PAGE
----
In the final week of April, I was finally able to complete the doors for the record player cabinet. I had worked on them a bit here and there over the first few weeks of the month. First I cut new door frames, then I sanded and painted, then inserted the glass… lots of drying time for everything, the glue for the doors, the caulk for the glass. Finally, I was able to put on the hardware and hang the doors. I may end up changing out the knobs for something else, because my original plan for hinges had to change, and that changed how the knobs looked…but it works, it looks pretty good, and it’s DONE! And I was finally able to get and install a pull for the cabinet I built for between the stove and the fridge back in February.
Near the end of the month (I don’t recall the date anymore), the bees arrived. Scott ended up doing very last-minute clean-up work on the hives because of all the unexpected delays, but he was able to get it done and “install” the bees. So far, the hives appear to be doing well, and just recently, the dandelions opened up, so we don’t need to give them any more sugar water. It appears there was a mix-up with our order of root stock, so those weren’t here when they should have been. We received more tires for helping hold down our giant tarp, and good timing too. We already had the wind shake it about a bit, but there were a few very windy days just recently, and I sure was glad to have the extra weight on it! We had a pile of larger branches from trimming the apple trees, and I finally got around to cutting those up into shorter lengths for future meat smoking projects. And I started making inquiries on prices for projects we need to complete.
And I was able to do a lot more work in the building we called the chicken coop. One half of the building was used as a garden shed, the other half as a two-room coop, with space for brooders and feed and tools in between them. In the coop side, I was able to clear out one of the coop rooms and get all of that in-between space cleared up. The birds grow so quickly, so we shuffled them around, putting some in the freshly cleaned room, and spacing out the others among the two brooders. I was able to put the deep bedding material in our garden where we have our older laying hens staying, and they spread it around nicely for us.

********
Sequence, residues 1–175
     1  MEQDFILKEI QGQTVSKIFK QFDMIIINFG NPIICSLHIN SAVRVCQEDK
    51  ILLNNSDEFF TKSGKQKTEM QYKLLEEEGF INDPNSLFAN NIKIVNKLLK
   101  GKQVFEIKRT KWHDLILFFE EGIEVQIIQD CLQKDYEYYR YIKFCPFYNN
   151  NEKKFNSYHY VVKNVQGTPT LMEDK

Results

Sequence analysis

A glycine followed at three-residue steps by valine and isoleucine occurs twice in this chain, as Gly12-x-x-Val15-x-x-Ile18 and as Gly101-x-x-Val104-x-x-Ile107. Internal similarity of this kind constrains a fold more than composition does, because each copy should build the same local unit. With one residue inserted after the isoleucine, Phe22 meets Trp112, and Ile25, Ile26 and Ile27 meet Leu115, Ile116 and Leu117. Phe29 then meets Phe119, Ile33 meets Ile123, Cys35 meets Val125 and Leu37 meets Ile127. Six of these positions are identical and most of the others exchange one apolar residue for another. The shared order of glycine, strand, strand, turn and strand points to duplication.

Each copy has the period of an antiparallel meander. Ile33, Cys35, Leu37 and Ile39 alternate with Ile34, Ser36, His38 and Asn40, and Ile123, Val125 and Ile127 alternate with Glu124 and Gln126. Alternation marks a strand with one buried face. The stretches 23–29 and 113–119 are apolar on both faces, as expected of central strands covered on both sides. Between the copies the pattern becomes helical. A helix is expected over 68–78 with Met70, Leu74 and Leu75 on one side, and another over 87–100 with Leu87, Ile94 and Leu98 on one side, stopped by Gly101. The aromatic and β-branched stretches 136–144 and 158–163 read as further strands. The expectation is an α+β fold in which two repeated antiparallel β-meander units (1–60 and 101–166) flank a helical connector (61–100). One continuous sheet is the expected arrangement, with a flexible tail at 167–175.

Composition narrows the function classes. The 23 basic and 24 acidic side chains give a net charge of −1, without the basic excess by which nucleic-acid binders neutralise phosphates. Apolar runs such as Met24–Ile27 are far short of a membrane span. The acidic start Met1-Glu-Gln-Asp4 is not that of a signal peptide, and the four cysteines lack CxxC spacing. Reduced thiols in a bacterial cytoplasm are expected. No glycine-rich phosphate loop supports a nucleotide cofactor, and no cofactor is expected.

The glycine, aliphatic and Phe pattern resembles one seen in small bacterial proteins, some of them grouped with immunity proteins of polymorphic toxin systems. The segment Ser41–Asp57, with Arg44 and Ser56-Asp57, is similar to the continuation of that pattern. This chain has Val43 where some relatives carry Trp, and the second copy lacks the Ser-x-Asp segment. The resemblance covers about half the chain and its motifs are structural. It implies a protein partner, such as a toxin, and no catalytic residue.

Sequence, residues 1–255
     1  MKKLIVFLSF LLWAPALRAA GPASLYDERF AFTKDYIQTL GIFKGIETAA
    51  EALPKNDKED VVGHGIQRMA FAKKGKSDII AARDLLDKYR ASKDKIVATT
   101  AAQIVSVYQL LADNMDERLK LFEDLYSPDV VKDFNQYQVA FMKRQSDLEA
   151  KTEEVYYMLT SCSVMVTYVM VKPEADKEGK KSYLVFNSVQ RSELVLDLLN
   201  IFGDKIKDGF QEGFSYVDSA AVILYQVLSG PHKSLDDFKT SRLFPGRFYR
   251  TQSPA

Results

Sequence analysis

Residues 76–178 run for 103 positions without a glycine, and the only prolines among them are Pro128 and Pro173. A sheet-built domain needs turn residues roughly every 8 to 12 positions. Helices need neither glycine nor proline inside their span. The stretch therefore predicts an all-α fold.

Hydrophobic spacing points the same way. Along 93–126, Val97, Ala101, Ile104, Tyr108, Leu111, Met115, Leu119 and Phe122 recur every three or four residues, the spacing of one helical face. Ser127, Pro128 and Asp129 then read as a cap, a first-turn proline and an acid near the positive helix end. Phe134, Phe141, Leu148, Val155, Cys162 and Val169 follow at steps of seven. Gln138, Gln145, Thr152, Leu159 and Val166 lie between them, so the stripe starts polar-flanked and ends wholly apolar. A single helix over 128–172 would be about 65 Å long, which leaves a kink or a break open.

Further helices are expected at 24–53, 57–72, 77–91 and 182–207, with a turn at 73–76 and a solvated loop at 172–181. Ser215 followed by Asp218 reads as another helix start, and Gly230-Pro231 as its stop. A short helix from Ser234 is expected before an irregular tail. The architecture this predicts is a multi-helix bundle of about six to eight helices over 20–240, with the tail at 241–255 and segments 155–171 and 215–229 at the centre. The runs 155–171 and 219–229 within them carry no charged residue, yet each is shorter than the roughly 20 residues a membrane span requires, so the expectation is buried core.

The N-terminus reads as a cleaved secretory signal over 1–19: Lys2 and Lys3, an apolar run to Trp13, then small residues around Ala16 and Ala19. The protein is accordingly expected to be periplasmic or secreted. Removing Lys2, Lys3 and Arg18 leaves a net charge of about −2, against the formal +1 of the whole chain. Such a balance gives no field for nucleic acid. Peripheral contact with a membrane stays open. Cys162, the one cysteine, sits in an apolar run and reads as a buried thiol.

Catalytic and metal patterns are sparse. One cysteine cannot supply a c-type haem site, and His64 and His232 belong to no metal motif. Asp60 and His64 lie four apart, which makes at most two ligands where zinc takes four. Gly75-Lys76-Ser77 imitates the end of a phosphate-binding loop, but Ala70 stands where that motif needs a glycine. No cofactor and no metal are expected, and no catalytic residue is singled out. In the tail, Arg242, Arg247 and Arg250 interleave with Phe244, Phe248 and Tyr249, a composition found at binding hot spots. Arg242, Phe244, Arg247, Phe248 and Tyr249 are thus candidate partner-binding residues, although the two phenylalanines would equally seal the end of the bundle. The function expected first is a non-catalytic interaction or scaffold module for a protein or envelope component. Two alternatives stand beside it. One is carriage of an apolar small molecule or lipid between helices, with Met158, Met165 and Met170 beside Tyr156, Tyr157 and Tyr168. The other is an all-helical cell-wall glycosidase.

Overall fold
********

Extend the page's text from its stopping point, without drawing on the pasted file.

After the coop side was clean, I was able to focus on cleaning up the garden shed side. I had cleaned it up fairly well last year, but there were still some things that had to be dealt with, and the kids are just excellent of making messes of everything, so there was plenty that still needed to be dealt with. We found an abundance of hoses, and an excess of wire fencing, not suitable to our needs. I took some of the fencing and a stack of cardboard that needed to be dealt with, and the kids and I finished making their garden beds for this year. We laid out the cardboard to act as a grass and weed barrier, and put wood chips on top of it all. Then we put up a small fence around the perimeter of the whole kids’ garden area, and divided it into 4 sections, one for each of the older 4 kids. They’ll finally be able to have their own gardens this year! I’m not sure how it will turn out, but at least they have their spots started this year, and next year they should have even better results. Nothing planted yet, but very soon… We used one of the old mailboxes we have from when our mailbox kept getting hit with the snow plow last winter, and attached it to the side of Pumpkin’s greenhouse so that the kids have a place to store their garden trowels and garden gloves without having to go into the garden shed to look for them.
I feel nearly certain that I am forgetting things. We most definitely did not complete everything on our list for the month of April. The second fence is not put up for the new section of garden, I didn’t finish the produce stand, and I wasn’t able to finish the whole garage door project. I wasn’t able to do the majority of the garden prep that I wanted and needed to do either. For now, my priority is the garden bed until it is ready to plant in. I do have a portion of it ready to go (I started by dealing with one of the worst sections of the garden), and I planted garlic, peas, lettuce, dill, onions, and radishes. I am planning to do more planting this weekend, but I need to do a bit more cleaning up first. And oh my goodness, I am so glad that I downloaded Common Sense’s garden planning sheets. I’d be totally clueless on what to plant first and when!
I’m hoping to write a little more often very soon here, but things have been a bit chaotic around here as we try to play catch-up from the three lost weeks and deal with the coop fire. My hands are always dirty, and I have already gotten my first sunburn of the year! I can’t get over the fact that we can have a blizzard one day, and within two weeks, I’m getting sunburned… all in our own backyard!
What was your April like?